Death of Woman Hit by Log from Truck in Altavista, VA Highlights Trucking Dangers
A recent fatal accident in a rural part of Virginia has illustrated how there are many dangers associated with big trucks.
This accident occurred on Route 29 at the Gladys Road intersection early one morning. State police told the local media that a 44-year-old woman died when a log came off a truck in front of her and crashed through her windshield.
Tragically, the woman from Altavista in Virginia died of blunt force trauma. A five-year-old boy in the back of the car was not injured. Police said there were no other cars at the accident scene at the time, and it was very likely that the log fell from a truck without the driver even knowing. This was a tragic crash and further evidence of the dangers of trucks on rural roads.
In the month of June we will be writing a series of articles about trucking. The trucking industry is one of the most competitive in America. Fierce competition and the imperative to make deadlines pushes many trucking companies to place undue pressure on their workers, resulting in fatigued drivers. Although federal regulations are intended to safeguard other road users, truckers and companies routinely flout them. Their trucks’ massive size and weight can lead to devastating crashes.
In the aftermath of trucking accidents, trucking companies can be held responsible for placing their drivers on impossible schedules. The companies that maintain and service trucks may also be liable for allowing unsafe trucks out on the highway when they knew dangers existed. Whether you are involved in an accident with a relatively small delivery truck, a commercial truck, an 18-wheeler or any other truck carrying containers, the occupants of a much smaller passenger car can be severely injured or even killed.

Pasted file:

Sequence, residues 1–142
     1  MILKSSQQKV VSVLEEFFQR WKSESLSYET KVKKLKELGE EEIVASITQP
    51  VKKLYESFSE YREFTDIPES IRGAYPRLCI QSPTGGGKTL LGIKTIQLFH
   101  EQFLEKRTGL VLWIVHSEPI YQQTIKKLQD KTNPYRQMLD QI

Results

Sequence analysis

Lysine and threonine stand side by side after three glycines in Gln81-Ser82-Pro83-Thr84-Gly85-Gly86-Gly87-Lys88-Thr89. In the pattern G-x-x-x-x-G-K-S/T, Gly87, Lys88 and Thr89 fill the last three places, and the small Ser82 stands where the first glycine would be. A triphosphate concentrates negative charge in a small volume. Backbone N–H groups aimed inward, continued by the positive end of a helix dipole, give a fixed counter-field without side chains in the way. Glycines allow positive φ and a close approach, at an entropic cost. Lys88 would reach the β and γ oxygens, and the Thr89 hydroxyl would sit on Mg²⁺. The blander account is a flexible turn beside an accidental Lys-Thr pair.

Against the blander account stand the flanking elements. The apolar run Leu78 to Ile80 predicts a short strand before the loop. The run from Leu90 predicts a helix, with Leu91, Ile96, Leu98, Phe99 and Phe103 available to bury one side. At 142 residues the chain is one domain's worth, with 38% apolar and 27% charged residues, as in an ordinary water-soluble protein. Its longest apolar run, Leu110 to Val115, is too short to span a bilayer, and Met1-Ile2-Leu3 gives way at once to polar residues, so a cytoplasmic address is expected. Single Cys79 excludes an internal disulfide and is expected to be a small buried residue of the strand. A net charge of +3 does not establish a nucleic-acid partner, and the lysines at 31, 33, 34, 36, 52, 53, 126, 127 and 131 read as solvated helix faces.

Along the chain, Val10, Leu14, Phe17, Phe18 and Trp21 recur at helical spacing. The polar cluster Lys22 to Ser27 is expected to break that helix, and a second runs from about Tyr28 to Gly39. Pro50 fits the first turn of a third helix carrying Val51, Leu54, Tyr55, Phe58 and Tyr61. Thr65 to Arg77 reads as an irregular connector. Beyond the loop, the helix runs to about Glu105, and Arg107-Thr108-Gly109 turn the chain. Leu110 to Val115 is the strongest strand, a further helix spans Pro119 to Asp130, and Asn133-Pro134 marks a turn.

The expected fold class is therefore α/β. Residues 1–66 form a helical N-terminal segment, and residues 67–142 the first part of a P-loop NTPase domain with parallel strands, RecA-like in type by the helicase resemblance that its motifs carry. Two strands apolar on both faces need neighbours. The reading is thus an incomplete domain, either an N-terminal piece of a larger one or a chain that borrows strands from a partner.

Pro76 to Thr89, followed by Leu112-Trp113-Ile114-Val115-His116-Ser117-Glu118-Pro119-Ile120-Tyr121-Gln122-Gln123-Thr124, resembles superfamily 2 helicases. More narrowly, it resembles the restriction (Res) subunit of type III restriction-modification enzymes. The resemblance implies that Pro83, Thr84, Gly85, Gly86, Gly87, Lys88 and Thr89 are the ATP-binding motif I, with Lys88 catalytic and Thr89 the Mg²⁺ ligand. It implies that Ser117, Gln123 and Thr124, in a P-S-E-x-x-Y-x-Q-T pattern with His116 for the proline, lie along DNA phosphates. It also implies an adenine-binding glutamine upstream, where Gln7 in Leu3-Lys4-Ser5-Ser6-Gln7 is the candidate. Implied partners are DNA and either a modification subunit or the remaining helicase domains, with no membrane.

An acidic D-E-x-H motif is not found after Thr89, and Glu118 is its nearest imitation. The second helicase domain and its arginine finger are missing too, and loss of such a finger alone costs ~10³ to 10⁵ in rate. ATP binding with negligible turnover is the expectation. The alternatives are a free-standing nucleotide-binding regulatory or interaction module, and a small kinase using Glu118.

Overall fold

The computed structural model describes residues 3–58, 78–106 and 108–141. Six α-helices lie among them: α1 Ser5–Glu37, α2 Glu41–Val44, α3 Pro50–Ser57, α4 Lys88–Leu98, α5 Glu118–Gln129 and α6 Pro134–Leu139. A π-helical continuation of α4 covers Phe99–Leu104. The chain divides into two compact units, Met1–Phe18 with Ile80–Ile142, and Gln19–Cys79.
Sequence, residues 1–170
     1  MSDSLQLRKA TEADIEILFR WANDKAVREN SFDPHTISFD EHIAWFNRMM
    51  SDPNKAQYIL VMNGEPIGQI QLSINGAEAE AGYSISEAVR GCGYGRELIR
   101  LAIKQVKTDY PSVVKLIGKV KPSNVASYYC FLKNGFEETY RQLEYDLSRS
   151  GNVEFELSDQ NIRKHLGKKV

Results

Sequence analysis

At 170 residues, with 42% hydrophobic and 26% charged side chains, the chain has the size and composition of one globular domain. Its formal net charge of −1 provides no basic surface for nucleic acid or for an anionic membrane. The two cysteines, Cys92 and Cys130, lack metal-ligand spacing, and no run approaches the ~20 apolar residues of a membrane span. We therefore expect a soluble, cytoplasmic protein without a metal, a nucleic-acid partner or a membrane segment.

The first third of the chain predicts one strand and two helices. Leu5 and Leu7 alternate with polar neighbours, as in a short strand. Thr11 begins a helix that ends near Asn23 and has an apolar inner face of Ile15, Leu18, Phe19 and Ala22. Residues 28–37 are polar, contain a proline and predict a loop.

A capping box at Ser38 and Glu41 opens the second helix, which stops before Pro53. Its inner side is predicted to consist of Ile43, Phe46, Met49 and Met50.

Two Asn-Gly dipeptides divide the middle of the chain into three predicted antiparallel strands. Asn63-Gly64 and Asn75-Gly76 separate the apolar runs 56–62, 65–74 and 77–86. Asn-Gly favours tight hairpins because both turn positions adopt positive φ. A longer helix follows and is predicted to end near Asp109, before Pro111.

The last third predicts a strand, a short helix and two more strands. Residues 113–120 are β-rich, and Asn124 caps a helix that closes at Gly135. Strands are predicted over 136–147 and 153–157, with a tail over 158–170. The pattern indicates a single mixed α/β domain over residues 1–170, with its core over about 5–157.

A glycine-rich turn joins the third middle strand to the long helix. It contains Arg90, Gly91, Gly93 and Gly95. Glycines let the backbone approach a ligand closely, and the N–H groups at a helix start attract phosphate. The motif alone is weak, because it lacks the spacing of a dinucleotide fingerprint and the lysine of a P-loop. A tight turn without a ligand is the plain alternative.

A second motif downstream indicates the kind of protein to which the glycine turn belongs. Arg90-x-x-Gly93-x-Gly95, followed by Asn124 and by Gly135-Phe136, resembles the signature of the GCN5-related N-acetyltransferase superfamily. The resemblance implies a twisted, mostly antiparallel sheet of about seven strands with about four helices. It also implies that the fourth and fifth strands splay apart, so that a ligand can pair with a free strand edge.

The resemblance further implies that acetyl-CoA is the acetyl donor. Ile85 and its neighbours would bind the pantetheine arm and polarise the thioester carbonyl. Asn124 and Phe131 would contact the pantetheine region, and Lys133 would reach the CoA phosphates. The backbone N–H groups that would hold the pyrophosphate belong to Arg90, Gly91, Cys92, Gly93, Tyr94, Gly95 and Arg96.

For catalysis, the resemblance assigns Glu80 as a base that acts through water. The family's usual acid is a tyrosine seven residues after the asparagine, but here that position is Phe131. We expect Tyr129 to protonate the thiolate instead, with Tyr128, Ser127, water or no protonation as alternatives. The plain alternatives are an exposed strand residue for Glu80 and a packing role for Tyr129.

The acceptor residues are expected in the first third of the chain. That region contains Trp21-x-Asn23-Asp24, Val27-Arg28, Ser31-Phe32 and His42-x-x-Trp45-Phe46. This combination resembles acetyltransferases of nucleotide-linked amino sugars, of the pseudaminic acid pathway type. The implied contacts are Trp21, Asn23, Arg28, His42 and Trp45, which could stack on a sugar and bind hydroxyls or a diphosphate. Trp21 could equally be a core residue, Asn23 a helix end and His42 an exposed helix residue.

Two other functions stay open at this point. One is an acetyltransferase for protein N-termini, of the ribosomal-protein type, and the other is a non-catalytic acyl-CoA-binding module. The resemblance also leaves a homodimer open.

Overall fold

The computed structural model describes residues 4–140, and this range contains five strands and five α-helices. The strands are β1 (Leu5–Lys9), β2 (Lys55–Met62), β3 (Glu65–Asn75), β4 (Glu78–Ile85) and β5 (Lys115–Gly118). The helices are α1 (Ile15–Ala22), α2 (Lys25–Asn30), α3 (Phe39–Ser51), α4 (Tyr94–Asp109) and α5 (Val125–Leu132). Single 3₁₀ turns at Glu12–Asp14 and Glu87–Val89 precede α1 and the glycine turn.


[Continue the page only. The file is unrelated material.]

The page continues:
According to the US Department of Transportation, 3,602 people in total died in large truck crashes in 2013. Sixteen percent of these deaths were the occupants of trucks, 67 percent were occupants of cars and other passenger vehicles, and 15 percent were pedestrians, bicyclists or motorcyclists.
While the highways have become safer for many road users this is not the case with truckers in recent years. The number of people who lost their lives in large truck crashes was 14 percent higher in 2013 than in 2009, when it was lower than at any year since the collection of fatal crash data began in 1975. The number of truck occupants who died in accidents was 31 percent higher than in 2009. However, the number of deaths from truck accidents has declined since it reached a peak in 1979.
See our Virginia trucking accident lawyers’ frequently asked questions. The attorneys at Cooper Hurley Injury Lawyers have been helping people who have been injured in trucking accidents and the relatives of those who have been killed for more than 25 years. We are the authors of The Best Book About Virginia Trucking Accidents. Call us at 757.455.0077 for a free consultation.